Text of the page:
Medicaid expansion coming to Mississippi?
A non-profit has filed paperwork to start a ballot initiative to allow Mississippi voters to decide on Medicaid expansion.
Dr. Jeffrey Ross thinks that’s a good idea. Chief Medical Officer of King’s Daughters Medical Center in Brookhaven, Ross said it would be a benefit to both the state government and its citizens. KDMC CEO Alvin Hoover agrees. Hoover explains it as a $10 deal.
“The general Mississippi Medicaid program has been, you put $1 in and you get $3 back plus your dollar,” Hoover said. “In this, you bring a dollar to the table, you’ll get $9 plus your dollar back. That’s a $10 deal.”
“The monetary piece of this, the cash value, is truly immense. To offer an economic incentive like this in such a difficult time,” he said. “It’s worth $400,000 to $600,000 into the state’s general fund each year. That pays for itself.”
The time has come to take advantage of the federal dollars the government is giving away anyway, the hospital director said, and stop turning away $1 billion each year for what is now the ninth year.
Hoover said too many people make too much to qualify for assistance and not enough to buy insurance. He said he’s excited to take a ballot initiative to the people because “Mississippi has proven to be one of the most generous states in America, even though we’re one of the poorest states.”
But state Representative Becky Currie, also of Brookhaven, says she’s not sure this is the best way to go about it.
Currie said she has mixed feelings about Medicaid expansion — people need healthcare but is this the best way to provide it?
“Is expanding Medicaid good for Mississippi? That is the million dollar question, or billion dollar question,” Currie said.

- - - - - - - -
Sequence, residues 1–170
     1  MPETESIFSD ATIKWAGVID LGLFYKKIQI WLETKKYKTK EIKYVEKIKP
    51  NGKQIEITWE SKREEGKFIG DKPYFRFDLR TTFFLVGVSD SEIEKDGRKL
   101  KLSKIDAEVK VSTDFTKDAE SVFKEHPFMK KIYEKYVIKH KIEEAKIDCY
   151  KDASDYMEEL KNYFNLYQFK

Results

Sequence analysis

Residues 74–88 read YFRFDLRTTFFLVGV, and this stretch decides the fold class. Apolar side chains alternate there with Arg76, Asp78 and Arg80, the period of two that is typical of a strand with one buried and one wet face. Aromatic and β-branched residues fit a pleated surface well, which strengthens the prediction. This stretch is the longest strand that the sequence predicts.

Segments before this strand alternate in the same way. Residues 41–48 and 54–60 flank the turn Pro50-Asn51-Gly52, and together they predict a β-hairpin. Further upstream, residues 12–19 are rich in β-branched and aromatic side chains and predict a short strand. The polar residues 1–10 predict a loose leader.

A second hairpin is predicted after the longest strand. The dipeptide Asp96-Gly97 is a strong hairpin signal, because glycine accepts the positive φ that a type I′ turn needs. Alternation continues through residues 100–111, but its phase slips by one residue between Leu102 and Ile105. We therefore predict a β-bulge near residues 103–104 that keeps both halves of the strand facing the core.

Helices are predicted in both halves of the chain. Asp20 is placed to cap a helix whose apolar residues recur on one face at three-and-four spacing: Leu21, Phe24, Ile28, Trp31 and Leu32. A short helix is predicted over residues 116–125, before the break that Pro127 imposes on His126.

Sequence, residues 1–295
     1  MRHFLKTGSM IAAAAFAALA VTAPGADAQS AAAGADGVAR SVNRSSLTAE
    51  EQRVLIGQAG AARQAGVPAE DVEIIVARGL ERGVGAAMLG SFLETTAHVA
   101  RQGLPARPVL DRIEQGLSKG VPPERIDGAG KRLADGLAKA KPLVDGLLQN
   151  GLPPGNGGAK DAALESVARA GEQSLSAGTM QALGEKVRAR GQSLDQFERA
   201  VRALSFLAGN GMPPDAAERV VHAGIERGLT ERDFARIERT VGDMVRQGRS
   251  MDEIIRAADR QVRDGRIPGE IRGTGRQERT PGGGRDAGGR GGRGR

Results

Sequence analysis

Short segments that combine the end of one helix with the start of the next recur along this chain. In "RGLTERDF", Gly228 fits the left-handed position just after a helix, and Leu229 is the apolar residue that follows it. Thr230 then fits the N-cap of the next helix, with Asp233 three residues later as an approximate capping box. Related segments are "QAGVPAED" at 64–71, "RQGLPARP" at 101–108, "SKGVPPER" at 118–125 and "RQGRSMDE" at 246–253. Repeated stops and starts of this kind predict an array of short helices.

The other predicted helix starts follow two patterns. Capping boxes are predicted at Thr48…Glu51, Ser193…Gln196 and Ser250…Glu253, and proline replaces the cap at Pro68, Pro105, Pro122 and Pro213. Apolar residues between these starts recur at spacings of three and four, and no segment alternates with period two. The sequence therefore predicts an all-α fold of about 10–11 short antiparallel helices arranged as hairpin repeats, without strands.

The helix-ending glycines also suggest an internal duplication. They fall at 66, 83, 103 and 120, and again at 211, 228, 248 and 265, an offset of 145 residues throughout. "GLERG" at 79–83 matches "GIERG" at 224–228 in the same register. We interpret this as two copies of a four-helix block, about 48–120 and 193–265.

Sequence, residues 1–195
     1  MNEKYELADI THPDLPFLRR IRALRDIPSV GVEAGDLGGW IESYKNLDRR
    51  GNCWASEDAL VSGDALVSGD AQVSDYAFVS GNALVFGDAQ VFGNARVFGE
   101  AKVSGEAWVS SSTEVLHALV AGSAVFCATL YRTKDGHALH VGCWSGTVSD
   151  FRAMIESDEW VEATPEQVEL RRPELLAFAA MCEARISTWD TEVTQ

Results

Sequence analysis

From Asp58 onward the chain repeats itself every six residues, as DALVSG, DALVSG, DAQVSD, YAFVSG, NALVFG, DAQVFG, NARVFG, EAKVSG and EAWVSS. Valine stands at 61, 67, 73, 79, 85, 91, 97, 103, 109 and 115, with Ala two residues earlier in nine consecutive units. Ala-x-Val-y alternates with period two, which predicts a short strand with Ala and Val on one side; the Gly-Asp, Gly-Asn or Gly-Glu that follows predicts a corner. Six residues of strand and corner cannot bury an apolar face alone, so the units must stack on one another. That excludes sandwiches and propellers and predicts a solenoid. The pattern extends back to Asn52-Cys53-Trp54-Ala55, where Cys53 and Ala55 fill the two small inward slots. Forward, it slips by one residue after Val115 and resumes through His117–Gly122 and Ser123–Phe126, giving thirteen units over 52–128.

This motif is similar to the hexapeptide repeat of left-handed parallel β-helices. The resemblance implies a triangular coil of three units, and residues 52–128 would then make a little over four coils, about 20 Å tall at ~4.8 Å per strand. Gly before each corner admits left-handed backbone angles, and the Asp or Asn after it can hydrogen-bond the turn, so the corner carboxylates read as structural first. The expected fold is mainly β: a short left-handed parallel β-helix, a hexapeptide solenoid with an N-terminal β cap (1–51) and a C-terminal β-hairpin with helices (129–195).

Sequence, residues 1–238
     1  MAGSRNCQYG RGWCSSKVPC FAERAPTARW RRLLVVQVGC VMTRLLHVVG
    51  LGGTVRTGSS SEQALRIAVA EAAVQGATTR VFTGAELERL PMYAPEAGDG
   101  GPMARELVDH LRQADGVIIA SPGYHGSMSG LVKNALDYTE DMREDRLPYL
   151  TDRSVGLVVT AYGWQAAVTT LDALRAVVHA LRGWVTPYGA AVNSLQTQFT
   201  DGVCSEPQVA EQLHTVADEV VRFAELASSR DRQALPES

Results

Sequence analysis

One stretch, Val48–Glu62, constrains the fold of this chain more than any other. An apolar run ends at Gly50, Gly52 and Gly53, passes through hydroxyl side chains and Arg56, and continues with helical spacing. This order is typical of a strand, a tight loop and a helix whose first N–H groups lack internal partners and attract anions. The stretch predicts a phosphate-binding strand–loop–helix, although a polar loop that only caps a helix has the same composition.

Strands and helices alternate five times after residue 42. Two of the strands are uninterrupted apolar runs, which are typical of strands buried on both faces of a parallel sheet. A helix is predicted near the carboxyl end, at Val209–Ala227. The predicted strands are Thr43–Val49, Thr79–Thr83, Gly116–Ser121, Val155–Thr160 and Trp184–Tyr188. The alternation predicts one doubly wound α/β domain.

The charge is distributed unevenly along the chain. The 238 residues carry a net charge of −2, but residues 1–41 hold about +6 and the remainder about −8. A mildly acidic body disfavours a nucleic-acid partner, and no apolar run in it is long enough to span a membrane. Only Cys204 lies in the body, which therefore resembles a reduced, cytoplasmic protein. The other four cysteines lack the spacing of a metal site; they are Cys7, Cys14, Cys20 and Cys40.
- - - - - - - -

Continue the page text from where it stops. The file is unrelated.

With expansion across much of the nation, Currie said she asks herself often if her state is missing out. As a registered nurse, she believes people need to be taken care of, and those who cannot afford healthcare need an option.
“Should they not be taken care of, or do we let them continue to show up at the emergency room when they are deathly sick and the hospital take care of them for free and our medical bills continue to rise? Someone has to pay for it,” she said.
Hospitals spend millions on uncompensated care annually and the politicians have failed to do their jobs and answer the questions for their constituents, Currie said.
Initiative 76 would put Medicaid expansion in the state constitution, draw billions of dollars in federal funding and provide health care to potentially hundreds of thousands of working, low-income and uninsured Mississippi citizens.
The Healthcare for Mississippi nonprofit, which filed the initial paperwork, was incorporated recently by Mississippi Hospital Association president Tim Moore, Hattiesburg pediatrician Dr. John Gaudet and public health executive and advocate Nakeitra Burse.
“Hospitals and our working poor across the state of Mississippi cannot keep waiting,” said Moore. “It’s time to let the Mississippi voters decide.”
Dr. Ross is in agreement.
“I think it’s a good idea, for a long list of reasons,” Ross said. “The first of which is we cannot get our legislative leaders in the state to see reason and go ahead with expansion in the ‘normal’ way. Sometimes you have to take matters into your own hands and see what the people want.”
Mississippi is one of just 12 states that has refused to expand Medicaid, leaving hundreds of thousands of citizens without the ability to afford health care coverage and rejecting at least $1 billion per year in federal funds. The Magnolia State also has some of the greatest healthcare disparity in the nation.